On his latest album Locked Down, Dr. John is joined by the Black Keys' guitarist Dan Auerbach, whose own group has hit a crest of critical acclaim and sold out arena tours. The two met at Manchester, Tennessee's Bonnaroo Festival, named after Dr. John's Desitively Bonnaroo, the 1974 album produced by Allen Toussaint and backed by The Meters.
Dozens of albums followed. Dr. John never shook the wild spirit visible on his surface, and thriving in his fibers. The man just bleeds it, looking at him. Auerbach asked him to remove the mask. On Locked Down, we glimpse a doctor frustrated at his world, whether it's economic meltdown or himself. The band conjures weird, smoky swamp funk, haunting deep horn lines and spooky New Orleans R&B — it sounds and feels thick and wet, like an underworld rising to the surface conjured by Dr. John.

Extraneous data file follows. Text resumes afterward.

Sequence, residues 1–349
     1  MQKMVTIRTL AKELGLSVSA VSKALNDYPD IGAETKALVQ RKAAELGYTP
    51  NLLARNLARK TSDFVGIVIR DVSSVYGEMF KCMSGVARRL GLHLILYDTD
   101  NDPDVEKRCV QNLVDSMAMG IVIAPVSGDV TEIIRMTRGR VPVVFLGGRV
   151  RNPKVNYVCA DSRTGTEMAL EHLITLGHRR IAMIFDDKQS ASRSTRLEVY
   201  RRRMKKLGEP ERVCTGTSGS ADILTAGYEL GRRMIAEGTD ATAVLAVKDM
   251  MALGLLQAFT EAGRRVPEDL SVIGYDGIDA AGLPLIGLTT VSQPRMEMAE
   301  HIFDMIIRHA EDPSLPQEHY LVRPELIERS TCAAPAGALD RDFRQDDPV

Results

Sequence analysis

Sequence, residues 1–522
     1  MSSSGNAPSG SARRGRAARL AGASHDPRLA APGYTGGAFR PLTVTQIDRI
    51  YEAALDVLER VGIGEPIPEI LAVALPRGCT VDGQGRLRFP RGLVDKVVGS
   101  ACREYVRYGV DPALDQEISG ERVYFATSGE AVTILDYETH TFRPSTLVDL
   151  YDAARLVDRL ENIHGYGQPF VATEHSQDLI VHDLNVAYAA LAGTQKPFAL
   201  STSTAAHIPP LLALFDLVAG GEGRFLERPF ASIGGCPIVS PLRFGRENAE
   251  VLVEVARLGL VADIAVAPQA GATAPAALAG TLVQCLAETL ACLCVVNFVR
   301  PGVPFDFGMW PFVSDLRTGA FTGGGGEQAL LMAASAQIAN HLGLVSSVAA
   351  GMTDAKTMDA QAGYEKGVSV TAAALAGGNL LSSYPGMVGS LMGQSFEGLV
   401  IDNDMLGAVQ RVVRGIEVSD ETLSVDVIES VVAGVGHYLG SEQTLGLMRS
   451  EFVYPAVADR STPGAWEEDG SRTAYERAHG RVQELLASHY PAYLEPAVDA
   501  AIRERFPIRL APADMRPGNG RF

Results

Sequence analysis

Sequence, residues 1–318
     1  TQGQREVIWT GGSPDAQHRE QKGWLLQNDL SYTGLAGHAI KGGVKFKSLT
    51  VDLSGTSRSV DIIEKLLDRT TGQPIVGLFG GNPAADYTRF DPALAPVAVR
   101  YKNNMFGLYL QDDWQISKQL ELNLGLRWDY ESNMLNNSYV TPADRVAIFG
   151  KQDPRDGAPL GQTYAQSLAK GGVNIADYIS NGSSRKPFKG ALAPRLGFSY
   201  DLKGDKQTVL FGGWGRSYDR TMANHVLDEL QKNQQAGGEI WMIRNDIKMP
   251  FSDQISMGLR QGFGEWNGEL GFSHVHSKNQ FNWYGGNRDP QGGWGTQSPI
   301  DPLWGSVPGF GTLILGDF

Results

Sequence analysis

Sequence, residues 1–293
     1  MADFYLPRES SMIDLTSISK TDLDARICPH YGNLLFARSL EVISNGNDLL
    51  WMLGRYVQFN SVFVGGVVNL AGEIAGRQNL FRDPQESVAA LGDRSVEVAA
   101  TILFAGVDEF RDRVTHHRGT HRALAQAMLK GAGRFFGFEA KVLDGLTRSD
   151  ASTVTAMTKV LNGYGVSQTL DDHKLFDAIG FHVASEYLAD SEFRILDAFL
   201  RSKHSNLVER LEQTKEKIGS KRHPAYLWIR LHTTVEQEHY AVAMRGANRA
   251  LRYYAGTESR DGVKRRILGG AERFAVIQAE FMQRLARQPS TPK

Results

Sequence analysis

As the Los Angeles Times points out, that's not only Auerbach on the album — there's No Neck Blues Band drummer Max Weissenfeldt filling a precise groove, alongside Amy Winehouse's bassman on Back to Black, Nick Movshon; and horn arranger and Truth & Soul label founder Leon Michels crafts brooding, pitch-perfect brass. (The album is out now on Nonesuch Records.)
Here's the group on last night's Late Night with Jimmy Fallon. Gone is the doctor's altar-sized ritual and rite piano, replaced here with a double-decker electric piano. Of course he's still donning a gold-crusted red suit and, likely, alligator boots.